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Breast-Feeding: Nature's Formula for Success

Getting on the Right Track continued...

Line up a support network: Take a prenatal breast-feeding class. Find out if your hospital or birthing center has a formal policy to encourage breast-feeding (for instance, the AAP recommends nursing within the first hour). Get telephone numbers of sources who can help once you're at home, such as a breast-feeding hotline, private lactation consultants or your local La Leche League, which offers mother-to-mother support groups. Referrals of local lactation consultants are provided by the International Lactation Consultants Association at (919) 787-5181.

Pain is a sign that something isn't right. Often the culprit may be positioning, latching on or your baby's sucking skills, which can be remedied with the help of a skilled mother or a lactation consultant. Red patches on the breast and fever are signs of an infection, which require antibiotics. Draining the breasts completely will help to prevent infections.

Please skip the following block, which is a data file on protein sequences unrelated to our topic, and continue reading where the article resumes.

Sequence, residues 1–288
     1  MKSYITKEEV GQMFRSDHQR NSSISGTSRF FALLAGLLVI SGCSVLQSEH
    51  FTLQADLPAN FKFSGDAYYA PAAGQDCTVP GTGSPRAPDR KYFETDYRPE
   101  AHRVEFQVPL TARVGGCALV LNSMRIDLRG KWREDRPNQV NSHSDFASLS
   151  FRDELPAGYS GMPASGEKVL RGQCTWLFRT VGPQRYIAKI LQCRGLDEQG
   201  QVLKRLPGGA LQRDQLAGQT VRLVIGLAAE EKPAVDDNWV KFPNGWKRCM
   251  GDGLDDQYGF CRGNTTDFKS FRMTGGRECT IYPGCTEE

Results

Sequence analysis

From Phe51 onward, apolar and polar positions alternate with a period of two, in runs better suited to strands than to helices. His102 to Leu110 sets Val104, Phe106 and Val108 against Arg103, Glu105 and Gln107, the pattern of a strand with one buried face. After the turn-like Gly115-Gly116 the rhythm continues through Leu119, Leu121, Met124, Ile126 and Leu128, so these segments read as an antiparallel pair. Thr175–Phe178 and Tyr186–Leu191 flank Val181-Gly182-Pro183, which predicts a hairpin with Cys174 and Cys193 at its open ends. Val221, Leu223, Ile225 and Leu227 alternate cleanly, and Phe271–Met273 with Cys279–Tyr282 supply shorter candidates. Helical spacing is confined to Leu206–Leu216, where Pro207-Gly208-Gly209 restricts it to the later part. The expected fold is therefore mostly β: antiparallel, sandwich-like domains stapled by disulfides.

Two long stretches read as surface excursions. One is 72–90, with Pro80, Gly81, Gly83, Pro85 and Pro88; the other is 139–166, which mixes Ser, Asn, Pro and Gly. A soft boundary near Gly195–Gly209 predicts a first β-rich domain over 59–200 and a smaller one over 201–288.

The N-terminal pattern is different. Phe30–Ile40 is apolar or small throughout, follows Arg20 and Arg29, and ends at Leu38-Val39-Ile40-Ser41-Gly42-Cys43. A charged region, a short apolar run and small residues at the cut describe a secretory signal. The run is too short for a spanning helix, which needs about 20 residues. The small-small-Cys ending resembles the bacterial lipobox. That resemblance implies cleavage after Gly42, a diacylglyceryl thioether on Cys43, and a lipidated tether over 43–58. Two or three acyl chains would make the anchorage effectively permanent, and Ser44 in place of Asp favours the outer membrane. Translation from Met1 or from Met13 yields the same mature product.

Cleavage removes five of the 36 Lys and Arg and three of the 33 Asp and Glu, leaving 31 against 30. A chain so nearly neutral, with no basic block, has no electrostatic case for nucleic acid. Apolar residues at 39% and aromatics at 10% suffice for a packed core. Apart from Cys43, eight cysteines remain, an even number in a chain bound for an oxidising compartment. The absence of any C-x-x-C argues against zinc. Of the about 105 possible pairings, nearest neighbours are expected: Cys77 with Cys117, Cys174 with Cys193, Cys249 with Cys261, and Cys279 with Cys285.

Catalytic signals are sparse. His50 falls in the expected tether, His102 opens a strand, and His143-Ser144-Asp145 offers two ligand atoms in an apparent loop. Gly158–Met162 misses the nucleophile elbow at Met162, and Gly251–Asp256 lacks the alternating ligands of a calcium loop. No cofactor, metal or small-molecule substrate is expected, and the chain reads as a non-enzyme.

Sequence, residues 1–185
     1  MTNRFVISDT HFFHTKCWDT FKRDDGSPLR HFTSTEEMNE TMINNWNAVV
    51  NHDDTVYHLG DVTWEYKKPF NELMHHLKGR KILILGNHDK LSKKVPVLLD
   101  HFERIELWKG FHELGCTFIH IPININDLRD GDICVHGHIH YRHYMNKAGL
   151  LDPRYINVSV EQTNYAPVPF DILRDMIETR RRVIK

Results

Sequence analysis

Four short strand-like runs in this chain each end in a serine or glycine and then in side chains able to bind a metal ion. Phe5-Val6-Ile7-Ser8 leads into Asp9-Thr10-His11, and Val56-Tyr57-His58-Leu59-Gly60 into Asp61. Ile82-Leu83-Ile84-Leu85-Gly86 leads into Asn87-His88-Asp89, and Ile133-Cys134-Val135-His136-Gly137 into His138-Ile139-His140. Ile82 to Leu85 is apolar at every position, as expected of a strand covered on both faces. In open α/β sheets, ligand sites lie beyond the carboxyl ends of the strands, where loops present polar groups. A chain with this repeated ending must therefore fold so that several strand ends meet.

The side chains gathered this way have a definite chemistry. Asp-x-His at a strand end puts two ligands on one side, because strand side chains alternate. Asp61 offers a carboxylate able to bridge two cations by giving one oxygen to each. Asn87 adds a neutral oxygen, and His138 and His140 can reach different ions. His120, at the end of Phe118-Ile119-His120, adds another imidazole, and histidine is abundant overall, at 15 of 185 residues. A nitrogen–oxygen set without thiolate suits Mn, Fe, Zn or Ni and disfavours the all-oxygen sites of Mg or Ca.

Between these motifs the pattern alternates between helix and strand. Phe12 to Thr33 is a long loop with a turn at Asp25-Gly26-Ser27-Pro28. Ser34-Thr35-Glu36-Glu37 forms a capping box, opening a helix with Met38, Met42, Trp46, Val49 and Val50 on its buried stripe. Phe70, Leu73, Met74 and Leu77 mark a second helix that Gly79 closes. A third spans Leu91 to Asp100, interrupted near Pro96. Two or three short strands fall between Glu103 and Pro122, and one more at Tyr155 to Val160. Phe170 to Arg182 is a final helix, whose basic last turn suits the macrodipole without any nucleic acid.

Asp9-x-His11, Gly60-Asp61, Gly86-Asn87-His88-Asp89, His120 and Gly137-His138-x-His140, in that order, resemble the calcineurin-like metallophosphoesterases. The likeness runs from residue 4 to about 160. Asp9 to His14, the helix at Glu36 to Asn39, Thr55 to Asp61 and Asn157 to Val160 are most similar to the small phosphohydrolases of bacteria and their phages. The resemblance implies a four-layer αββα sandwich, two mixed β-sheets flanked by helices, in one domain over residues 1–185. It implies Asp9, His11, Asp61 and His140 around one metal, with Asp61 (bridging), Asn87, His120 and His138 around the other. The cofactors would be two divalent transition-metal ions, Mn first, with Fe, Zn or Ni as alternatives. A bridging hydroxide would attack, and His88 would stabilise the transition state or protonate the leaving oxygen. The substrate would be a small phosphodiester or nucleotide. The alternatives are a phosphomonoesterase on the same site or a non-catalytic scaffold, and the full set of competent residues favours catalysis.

Optimize the transition back to work: Although you'll probably feel bad leaving your baby, experts say nursing can actually help you feel connected to your baby even though you're apart. To get ready for the separation, start pumping and bottle-feeding your baby about a week, or so, before your first day back. Introduce a bottle initially when the baby's not hungry so frustration isn't compounded by hunger. If giving a bottle is unsuccessful, a flexible plastic cup might work. Electric pumps with a double-collection kit, which can be rented as well as purchased, are easier to use and more efficient than manual pumps. Massaging and compressing the breasts while pumping are also helpful.

Make sure you marshal the support you need at work. "Typically what the mom needs is a gatekeeper -- it could be her supervisor, a secretary ... someone who makes sure that she's enabled to pump, typically two to three times a day, and that co-workers are supportive," Walker says. Find a day-care center that will respect your choice to breast-feed. She even suggests spending time there each week, just hanging out so that your body will make antibodies to germs your baby will be exposed to.


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